Rachel Anderson’s column from Northern Echo
The Government has a to do list longer than most. Admittedly its mostly in a state of paralysis at the moment so not much is getting done at all, but it doesn’t take away from the fact that the list of decisions which need to be made about stuff arguably more important that Brexit isn’t going away whilst our politicians slug out some of the lesser know japes of Parliamentary convention that a written constitution would just take all the fun out of.
One of those policy priorities is around Energy. Actually, more to the point, how we are going to keep the lights on after 2024. Now it is a dry subject, or it will be when one quarter of the UK’s generation capacity goes offline and there’s no electricity to run water pumps. The UK’s energy generation capacity is aging, we are replacing some of it, but it is reliant on private sector funding and decisions on investment in Energy are not taken quickly enough i.e. now. In fairness, it is not just the can kicking ability of the current Government which has brought us to this impasse, most Governments since the early 1990s have been aware of the problem but procrastinated over the solution.
There hasn’t been a complete dearth of decision making and the North East is a big part of the jigsaw in terms of the solution to the problem. Government has given the go ahead for three new power stations on the Tees and we are at the forefront of expertise in power generation of all types. The issue has previously been that we haven’t showcased that expertise or had a serious conversation with Government about what we need from them to stay ahead.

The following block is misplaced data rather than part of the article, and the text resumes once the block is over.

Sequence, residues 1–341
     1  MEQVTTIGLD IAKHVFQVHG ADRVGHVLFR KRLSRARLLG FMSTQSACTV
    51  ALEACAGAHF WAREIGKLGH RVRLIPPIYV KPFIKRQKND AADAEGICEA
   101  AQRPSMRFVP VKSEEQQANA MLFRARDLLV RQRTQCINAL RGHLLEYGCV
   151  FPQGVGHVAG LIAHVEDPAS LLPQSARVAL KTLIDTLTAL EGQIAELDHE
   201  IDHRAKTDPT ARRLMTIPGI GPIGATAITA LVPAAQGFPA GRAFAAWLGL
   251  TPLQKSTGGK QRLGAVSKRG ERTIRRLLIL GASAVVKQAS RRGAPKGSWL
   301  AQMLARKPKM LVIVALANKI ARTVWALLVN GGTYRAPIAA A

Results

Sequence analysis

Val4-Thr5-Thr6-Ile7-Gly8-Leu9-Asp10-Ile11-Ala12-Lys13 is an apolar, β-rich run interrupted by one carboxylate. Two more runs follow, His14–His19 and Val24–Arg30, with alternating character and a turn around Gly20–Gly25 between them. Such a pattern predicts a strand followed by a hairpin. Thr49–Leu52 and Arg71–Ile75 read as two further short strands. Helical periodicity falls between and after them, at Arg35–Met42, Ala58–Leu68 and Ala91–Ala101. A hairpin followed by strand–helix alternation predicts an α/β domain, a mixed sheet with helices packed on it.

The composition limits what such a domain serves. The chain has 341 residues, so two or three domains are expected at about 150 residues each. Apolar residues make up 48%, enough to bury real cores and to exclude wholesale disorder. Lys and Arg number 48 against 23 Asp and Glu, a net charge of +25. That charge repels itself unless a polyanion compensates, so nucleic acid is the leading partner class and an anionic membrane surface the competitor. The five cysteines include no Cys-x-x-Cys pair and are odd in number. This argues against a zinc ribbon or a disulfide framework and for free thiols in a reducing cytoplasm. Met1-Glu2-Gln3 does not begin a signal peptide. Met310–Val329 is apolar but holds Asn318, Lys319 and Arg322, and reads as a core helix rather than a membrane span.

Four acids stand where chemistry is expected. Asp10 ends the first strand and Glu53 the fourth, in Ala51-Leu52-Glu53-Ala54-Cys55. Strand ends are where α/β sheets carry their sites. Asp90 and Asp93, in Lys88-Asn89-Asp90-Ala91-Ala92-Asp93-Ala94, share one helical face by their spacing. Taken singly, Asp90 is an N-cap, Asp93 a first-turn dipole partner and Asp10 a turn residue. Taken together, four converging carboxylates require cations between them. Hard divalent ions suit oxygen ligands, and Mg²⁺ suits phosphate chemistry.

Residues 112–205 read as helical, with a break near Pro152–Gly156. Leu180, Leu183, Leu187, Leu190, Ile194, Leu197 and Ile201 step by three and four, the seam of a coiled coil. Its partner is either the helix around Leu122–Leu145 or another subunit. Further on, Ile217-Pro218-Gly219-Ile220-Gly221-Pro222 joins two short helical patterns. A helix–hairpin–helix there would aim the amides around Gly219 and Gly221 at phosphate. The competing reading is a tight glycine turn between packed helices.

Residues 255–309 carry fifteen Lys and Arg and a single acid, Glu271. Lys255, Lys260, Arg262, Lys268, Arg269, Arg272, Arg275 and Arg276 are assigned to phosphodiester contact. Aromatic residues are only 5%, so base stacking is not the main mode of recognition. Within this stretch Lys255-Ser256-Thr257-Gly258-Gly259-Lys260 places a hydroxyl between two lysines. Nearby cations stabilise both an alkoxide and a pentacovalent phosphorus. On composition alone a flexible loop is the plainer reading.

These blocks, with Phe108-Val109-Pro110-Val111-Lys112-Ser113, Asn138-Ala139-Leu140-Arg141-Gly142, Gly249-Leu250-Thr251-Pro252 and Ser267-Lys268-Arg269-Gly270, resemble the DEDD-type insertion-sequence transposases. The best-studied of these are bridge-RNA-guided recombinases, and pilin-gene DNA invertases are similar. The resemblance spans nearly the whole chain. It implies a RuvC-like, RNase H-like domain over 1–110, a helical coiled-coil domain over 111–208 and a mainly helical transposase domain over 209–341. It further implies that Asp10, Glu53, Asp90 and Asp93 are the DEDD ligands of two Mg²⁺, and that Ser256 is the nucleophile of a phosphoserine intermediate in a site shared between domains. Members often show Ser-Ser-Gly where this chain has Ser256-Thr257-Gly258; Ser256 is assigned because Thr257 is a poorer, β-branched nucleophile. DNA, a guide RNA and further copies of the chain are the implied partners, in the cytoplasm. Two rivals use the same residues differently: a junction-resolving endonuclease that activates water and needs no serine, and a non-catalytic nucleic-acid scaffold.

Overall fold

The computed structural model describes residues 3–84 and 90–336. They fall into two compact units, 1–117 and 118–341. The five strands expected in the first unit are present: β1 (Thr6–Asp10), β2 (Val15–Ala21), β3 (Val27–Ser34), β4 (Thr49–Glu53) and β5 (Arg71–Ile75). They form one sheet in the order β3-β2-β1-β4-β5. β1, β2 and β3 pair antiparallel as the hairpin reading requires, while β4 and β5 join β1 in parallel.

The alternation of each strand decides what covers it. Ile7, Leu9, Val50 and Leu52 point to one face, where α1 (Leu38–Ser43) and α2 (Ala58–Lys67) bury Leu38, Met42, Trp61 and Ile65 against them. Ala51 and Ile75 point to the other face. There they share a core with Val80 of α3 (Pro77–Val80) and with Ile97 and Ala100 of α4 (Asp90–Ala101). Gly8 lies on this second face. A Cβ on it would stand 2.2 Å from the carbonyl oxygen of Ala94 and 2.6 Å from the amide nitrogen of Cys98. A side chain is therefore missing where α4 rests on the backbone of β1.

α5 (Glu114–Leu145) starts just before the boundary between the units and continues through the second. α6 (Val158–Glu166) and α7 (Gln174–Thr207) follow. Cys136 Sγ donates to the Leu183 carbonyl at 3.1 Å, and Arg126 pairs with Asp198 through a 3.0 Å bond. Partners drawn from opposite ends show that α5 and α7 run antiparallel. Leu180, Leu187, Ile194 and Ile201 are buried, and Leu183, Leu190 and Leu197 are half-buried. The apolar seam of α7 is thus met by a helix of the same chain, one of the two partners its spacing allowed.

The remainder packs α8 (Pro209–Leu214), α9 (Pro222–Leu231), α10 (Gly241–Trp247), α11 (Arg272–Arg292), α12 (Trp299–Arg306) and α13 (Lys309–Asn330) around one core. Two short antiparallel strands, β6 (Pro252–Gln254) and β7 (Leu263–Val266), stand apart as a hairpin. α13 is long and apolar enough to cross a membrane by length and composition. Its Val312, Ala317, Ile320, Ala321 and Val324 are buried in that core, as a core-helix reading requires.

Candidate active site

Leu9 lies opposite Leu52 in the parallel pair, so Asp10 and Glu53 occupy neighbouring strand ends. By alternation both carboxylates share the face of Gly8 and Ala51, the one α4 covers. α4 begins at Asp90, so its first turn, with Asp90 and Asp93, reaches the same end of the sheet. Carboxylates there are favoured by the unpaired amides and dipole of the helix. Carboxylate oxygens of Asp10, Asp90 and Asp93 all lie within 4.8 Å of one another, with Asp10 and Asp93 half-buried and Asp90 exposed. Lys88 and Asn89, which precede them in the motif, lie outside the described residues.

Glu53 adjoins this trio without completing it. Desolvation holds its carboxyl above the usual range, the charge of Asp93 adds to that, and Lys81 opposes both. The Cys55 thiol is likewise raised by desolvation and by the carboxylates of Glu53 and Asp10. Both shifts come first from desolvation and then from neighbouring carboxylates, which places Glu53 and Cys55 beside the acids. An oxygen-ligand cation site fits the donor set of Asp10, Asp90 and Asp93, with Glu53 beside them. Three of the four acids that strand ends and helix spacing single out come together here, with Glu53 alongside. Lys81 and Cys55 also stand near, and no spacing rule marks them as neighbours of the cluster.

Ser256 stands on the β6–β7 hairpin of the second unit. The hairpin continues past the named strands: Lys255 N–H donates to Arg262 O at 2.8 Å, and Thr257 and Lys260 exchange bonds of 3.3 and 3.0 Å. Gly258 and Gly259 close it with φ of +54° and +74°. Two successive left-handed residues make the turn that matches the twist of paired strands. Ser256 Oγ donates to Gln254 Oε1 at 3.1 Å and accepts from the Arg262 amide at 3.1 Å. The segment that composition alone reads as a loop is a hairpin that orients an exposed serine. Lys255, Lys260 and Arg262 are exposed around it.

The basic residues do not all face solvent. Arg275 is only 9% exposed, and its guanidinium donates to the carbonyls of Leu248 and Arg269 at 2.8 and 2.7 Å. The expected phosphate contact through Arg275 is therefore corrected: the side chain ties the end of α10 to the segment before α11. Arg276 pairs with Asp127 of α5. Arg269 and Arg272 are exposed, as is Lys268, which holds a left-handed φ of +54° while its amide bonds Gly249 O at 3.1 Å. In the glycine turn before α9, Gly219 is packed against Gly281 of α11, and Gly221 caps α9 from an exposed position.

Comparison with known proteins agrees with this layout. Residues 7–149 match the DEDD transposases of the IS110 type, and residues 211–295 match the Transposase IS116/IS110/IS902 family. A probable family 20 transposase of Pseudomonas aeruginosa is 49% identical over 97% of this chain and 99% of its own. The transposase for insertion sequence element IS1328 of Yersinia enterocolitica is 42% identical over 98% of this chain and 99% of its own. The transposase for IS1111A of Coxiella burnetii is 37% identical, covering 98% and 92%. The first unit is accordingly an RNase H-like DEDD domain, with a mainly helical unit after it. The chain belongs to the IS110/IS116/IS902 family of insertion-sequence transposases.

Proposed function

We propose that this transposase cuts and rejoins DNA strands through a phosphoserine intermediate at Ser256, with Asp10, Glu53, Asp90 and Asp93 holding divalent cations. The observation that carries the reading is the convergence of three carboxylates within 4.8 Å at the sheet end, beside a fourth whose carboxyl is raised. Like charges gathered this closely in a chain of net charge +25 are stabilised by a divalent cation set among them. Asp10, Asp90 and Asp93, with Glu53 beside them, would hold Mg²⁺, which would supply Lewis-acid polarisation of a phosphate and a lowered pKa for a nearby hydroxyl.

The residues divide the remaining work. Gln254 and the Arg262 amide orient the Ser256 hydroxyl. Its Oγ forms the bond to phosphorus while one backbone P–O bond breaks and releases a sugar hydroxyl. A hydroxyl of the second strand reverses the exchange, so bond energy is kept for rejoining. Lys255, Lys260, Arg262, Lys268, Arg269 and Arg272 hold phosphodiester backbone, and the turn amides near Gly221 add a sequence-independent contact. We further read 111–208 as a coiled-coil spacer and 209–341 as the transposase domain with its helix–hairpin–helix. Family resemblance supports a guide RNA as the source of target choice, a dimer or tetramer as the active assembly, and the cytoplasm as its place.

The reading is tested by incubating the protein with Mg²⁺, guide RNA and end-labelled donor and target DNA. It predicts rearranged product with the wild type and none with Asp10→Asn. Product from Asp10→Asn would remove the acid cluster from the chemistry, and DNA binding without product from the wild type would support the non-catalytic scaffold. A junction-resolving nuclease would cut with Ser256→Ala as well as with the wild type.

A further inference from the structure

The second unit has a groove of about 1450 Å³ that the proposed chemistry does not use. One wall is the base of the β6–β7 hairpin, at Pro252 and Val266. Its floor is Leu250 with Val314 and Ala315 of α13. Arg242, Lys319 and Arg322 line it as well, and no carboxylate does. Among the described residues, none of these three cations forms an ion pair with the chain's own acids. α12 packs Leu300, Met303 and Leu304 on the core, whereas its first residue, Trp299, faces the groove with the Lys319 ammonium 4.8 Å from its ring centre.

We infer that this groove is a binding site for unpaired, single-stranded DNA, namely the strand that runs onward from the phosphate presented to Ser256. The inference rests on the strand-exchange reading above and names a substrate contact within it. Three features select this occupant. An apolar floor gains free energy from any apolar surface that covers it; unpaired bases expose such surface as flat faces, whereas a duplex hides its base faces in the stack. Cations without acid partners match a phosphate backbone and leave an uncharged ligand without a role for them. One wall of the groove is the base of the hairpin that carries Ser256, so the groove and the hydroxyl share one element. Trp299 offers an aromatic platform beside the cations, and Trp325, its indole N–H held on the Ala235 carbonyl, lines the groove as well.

Therefore, the Chamber is this week beginning a project in partnership with Northumbrian Water to highlight the innovative technology in power generation we have in this region, showcase what we can do but also make some asks of Government which will allow us to build on that expertise and remain a world leader. If we are to plug the looming energy gap, parts of the country like the North East will be crucial to the plan.
You never know, if we can show the rest of the UK what we are capable of, we might be able to keep the lights on in Parliament.